Spark Advance and Octane Number - A Road-Test Technique 380171

THE road-test technique outlined in this paper, the authors explain, was developed to find a method that would give a broader picture of the car-fuel relationship. Although conceding that the general method employed - using the knock die-out point as a datum in the study of fuels in road cars - is not new, they claim that their technique increases the speed and precision in the method of obtaining borderline advance, and offers data over a wider field than hitherto presented.
A fully manually controlled distributor, a spark-advance indicator, and thermocouples for indicating the necessary operating temperatures comprise the apparatus used, the paper reports. The authors suggest that a more accurate and dead-beat means of indicating car speed than the car speedometer be employed, such as a fifth-wheel electric tachometer.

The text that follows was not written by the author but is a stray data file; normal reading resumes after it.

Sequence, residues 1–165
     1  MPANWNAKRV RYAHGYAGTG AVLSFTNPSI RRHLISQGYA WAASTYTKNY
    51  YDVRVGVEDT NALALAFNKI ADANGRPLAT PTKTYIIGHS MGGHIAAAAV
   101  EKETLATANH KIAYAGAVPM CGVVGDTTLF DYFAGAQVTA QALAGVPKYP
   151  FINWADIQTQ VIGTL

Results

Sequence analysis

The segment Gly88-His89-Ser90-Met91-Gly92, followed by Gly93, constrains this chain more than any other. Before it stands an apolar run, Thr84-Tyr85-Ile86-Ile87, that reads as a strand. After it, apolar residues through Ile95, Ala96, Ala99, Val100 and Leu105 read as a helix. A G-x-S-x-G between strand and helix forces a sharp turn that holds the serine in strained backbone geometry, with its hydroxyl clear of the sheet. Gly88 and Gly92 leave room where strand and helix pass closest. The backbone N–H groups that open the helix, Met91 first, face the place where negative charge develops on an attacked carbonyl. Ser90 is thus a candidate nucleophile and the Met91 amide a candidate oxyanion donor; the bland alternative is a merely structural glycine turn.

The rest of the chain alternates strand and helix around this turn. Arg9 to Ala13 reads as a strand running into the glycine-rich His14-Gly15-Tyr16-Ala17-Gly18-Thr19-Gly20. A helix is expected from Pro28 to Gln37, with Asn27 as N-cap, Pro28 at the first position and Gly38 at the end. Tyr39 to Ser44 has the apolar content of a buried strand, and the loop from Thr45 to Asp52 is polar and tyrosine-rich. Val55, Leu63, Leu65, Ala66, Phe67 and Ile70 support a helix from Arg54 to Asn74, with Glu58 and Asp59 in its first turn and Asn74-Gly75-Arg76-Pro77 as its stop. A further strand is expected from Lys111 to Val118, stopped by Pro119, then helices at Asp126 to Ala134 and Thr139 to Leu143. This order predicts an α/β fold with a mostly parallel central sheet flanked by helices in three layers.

The general procedure consists in accelerating the car in high gear from approximately 10 m.p.h. and noting the speed and the spark advance at which audible knock disappears, thus locating one point on the curve. The spark advance is then altered by about 2 deg. and the acceleration repeated to locate another point, and so on until enough points are located to complete the curve.
The paper follows with notes on testing; correlation of borderline knock data with data obtained on a knock-intensity basis; a discussion of octane requirement and road rating of fuels; and concludes by pointing out the usefulness of this technique in evaluating car variables.


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